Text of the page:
10. SOD2 deregulation enhances migration, invasion and has poor prognosis in salivary adenoid cystic carcinoma

    PubMed Central

    Chang, Boyang; Yang, Hang; Jiao, Yuan; Wang, Kefeng; Liu, Zhonghua; Wu, Peihong; Li, Su; Wang, Anxun

    2016-01-01

    This study aimed to investigate the role of SOD2 in the progression and metastasis of salivary adenoid cystic carcinoma (SACC). We analyzed the expression of SOD2 in 50 SACC patients. Then, the effects and mechanism of SOD2 on cell metastasis in a pair of different metastatic potential cell lines was investigated. SOD2 was deregulated in patients with SACC. Up-regulation of SOD2 was associated with distant metastasis and reduced overall survival and disease free - survival. Compared to SACC-83 cells (lower metastasis ability), SACC-LM cells (higher metastasis ability) had higher SOD2 activity and intracellular H2O2 concentrations, and protein levels of pERK1/2 and Slug, but had similar catalase protein level and activity. In SACC-LM, reducing the expression of SOD2 by SiRNA inhibited the metastasis ability and reduced the SOD2 activities, intracellular H2O2 concentrations, and protein levels of pERK1/2 and Slug. These effects were revised in SACC-83 after SOD2 overexpression. Moreover, in SACC-83, treated with H2O2, the metastasis was enhanced accompanied by increased protein levels of pERK1/2 and Slug. We confirmed that SOD2 play an important role in the development and prognosis of SACC and SOD2-dependent production of H2O2 contributes to metastasis of SACC through the ERK-Slug signaling pathway. PMID:27181103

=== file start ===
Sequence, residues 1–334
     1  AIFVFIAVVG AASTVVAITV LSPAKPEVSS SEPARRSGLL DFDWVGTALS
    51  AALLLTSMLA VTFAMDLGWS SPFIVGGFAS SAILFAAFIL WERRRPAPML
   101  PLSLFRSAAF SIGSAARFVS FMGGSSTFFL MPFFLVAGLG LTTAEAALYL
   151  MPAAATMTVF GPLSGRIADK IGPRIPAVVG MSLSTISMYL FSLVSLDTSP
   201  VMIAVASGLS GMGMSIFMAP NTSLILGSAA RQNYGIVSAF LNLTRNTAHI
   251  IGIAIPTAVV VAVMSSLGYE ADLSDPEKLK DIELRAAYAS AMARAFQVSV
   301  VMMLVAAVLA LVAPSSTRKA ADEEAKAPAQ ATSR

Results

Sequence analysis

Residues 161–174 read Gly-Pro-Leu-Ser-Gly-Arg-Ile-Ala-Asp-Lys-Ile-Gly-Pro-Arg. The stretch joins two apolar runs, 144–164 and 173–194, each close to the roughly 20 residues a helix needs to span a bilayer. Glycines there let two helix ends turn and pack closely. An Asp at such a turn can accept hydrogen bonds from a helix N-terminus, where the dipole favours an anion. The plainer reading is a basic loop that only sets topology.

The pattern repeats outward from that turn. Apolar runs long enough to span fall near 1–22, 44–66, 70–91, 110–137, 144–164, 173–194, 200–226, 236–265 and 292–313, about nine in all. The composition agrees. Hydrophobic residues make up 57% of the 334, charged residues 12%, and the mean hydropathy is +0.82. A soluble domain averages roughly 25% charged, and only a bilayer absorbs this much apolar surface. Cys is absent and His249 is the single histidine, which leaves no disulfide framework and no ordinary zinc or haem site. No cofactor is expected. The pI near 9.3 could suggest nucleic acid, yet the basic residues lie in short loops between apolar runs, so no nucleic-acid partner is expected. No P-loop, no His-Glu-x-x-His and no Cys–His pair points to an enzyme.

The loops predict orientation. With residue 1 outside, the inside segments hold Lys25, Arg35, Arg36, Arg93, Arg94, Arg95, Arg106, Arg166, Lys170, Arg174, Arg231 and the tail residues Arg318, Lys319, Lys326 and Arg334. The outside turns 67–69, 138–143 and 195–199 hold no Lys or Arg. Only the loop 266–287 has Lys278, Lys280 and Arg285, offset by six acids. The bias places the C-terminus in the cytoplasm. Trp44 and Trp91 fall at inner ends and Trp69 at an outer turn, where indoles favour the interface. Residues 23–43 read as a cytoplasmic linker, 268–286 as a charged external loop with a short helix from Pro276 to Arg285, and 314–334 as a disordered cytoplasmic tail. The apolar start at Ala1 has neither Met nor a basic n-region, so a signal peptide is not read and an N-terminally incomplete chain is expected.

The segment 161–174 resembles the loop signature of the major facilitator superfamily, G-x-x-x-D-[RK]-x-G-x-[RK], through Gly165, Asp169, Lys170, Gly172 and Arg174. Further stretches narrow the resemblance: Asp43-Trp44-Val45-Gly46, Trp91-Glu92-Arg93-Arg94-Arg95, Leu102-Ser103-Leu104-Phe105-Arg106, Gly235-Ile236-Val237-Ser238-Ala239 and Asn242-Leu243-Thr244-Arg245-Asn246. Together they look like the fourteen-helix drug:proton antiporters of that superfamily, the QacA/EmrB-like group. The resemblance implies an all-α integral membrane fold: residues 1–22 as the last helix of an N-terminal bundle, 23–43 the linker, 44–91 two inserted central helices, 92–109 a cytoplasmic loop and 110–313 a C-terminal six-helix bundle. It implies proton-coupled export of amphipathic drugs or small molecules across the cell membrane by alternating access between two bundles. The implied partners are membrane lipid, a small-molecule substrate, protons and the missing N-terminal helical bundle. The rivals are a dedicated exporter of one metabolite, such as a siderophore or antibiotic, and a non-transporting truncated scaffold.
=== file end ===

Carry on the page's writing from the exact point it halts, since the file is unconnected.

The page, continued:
11. Deregulation of feedback inhibition of phosphoenolpyruvate carboxylase for improved lysine production in Corynebacterium glutamicum.

    PubMed

    Chen, Zhen; Bommareddy, Rajesh Reddy; Frank, Doinita; Rappert, Sugima; Zeng, An-Ping

    2014-02-01